We start with the latest on the Sewol-ho ferry disaster
Strong currents and bad weather hampered search efforts overnight, but conditions have improved since.
The confirmed death toll now stands at 2-hundred-thirteen with eighty-nine people, mostly teenagers, still unaccounted for.
For the latest on the search operations and the ongoing investigation into the sinking, our Shin Se-min joins us from the News Center,
Se-min, fill us in with the details
Into now a 16th day since the ferry capsized, the families of the victims continue to wait for news on their loved ones.
As you just mentioned, the current death toll stands at 2-hundred-13, after another body was recovered early this morning at around 4 a.m.
The more favorable weather conditions near the accident site AREN'T doing much good, as high tides and fast currents are hampering the search operations.
Rescuers are not only focusing on the fourth floor, where most of the missing were initially thought to be, but also on the fifth floor lobby, where many of the recently retrieved bodies were located.
So far, of the ferry's 1-hundred-11 cabins, 44 have been checked by divers.
One female student victim who was recovered Wednesday, was actually found by a fisherman who was out to prevent the ferry's oil spill from spreading to his fish farm.
The victim was found approximately 2.4 kilometers AWAY from the accident site, making families worry that some victims' bodies may have drifted out to sea.
The sense of urgency in finding victims has never wavered.
The Coast Guard once again tried to deploy a diving bell this morning, but failed.
A diving bell is a chamber that can be used as a base for divers, enabling them to stay underwater for about an hour without having to return to the surface.
Today's failed attempt follows another on Wednesday, where officials were forced to scrap the plans after just 20 minutes when an air supply hose broke.
In another development, the Korea Coast Guard has issued an apology to the victims' families. What prompted this, two whole weeks after the accident?
Yes, there was a press briefing in Jindo Wednesday where the Commissioner General of the Korea Coast Guard Kim Suk-kyoon , a member of the government task force handling the disaster, apologized for the pain the accident has caused the families.
He bowed his head and assumed responsibility for the disorganized, inefficient and slow rescue efforts.
He also said he'd push for clear answers in the criminal investigations.
"We truly apologize for victims of the family who are going through an inbarable sorrow and agony. We accept that initial operation efforts weren't fast and efficient enough. All members of the Korea Coast Guard will fully cooperate with the investigation."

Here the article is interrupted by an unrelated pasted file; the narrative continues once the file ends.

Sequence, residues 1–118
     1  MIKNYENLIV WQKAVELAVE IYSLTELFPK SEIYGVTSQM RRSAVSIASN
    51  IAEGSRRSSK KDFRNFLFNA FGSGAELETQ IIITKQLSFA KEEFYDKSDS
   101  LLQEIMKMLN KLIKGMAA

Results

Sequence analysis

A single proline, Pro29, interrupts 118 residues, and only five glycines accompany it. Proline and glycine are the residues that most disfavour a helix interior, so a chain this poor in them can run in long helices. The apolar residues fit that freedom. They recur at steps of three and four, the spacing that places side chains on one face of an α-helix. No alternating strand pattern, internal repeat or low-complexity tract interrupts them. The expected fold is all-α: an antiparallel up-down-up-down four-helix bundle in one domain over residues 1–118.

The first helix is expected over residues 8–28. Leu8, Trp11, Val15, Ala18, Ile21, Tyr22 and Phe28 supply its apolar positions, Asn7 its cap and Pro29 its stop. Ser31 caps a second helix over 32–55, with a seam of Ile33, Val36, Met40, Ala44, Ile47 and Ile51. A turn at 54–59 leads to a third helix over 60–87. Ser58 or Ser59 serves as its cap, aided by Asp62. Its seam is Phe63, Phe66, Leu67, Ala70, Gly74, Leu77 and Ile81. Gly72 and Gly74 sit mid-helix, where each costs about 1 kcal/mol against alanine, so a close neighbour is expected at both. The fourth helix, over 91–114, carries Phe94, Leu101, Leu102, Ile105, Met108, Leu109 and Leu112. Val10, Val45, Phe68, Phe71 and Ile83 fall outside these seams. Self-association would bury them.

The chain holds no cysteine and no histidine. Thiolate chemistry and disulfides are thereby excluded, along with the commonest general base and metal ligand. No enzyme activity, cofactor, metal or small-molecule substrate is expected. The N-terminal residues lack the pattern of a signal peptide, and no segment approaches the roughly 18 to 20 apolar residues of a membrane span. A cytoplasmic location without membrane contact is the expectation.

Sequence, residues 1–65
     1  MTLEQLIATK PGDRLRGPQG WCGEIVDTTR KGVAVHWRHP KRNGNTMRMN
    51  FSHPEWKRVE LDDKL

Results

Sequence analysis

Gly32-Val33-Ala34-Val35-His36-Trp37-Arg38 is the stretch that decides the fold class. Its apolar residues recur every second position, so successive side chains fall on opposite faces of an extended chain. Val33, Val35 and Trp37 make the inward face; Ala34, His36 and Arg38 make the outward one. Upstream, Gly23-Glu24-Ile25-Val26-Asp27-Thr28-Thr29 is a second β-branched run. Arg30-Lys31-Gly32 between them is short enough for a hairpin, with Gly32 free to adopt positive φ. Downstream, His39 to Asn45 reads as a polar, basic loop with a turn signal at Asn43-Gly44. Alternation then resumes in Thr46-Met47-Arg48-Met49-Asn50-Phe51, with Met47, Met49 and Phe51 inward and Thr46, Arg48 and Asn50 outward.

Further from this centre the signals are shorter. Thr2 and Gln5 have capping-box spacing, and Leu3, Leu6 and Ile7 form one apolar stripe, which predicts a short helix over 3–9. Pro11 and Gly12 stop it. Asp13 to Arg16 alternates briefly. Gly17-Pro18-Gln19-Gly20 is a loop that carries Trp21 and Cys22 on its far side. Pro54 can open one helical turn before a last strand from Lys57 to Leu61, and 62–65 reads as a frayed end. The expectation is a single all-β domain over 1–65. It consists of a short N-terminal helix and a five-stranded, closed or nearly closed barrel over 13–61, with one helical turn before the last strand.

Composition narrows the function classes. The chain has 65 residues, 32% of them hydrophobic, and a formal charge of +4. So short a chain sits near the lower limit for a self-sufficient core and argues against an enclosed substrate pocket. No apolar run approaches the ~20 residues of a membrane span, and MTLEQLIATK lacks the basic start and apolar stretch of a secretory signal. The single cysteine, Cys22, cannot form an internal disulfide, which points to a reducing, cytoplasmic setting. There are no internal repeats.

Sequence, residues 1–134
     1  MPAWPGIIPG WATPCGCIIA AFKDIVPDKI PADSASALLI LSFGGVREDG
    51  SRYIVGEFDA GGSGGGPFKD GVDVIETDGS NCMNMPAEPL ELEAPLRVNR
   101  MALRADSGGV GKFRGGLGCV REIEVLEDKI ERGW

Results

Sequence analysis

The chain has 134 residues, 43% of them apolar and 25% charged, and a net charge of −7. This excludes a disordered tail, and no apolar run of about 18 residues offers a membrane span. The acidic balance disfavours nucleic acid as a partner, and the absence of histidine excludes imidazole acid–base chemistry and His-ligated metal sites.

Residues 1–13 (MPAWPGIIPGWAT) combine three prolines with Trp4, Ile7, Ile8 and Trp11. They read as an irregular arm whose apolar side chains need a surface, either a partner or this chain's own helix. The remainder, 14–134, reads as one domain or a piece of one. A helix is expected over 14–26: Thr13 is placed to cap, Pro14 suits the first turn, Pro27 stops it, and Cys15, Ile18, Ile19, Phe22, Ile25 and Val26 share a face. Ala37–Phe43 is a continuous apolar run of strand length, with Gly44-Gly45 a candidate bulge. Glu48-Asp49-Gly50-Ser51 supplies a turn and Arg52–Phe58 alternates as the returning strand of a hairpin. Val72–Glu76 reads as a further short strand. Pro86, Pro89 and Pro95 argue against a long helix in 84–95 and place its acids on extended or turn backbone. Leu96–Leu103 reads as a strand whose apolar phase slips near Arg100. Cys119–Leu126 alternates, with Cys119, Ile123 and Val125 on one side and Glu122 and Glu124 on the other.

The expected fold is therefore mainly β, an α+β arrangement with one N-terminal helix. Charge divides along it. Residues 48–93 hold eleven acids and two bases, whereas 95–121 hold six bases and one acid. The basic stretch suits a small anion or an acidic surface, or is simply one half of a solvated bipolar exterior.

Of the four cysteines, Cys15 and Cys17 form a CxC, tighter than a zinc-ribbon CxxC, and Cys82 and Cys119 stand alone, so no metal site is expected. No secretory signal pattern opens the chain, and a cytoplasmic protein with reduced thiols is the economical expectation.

That includes allegations against the operator of the ferry Chonghaejin Marine Company of overloading the vessel.
Two staff members have been arrested for ignoring crew member's safety warnings, on multiple occasions.
Also, a shocking revelation was made, regarding rescue operations in the early days following the ferry sinking.
A lawmaker of the parliamentary defense committee said that a report by the defense ministry showed the maritime police restricted the Navy from getting close to the accident site, and claimed that Undine, a private rescue operation company, should dive first, the company that was hired by Chonghaejin Marine.
Now, Se-min.., how about the investigation into the owner of the Chonghaejin Marine Company. What do we know now?
A special investigation team is speeding up its probe, especially on the practical owner of the ferry operator, Yoo Byung-eon .
Yoo's brother-in-law and two daughters have been notified to appear before prosecutors by Friday 10 a.m, Korea time so they now have less than 24 hours to meet that deadline.
And one of seven key figures linked to Yoo, is Song Kook-bin , the CEO of the cosmetics company called Dapanda.
Song was questioned for 14 hours Wednesday, at the Incheon District Prosecutor's Office on suspicion of corruption.
He is the second person to be questioned as a suspect, following Kim Han-sik , the president of the Chonghaejin Marine Company for any involvement in business irregularities such as embezzlement, dereliction of duty and tax evasion, in connection with Yoo.
Also, investigations have revealed that the Sewol-ho ferry had been put up for sale one month before the accident.
If the company would have sold it at its asking price Chonghaejin Marine Company would have taken a loss of roughly 5.8 million dollars.
Investigators are trying to figure out why.
That's all I have for now, but I will bring you more updates later on.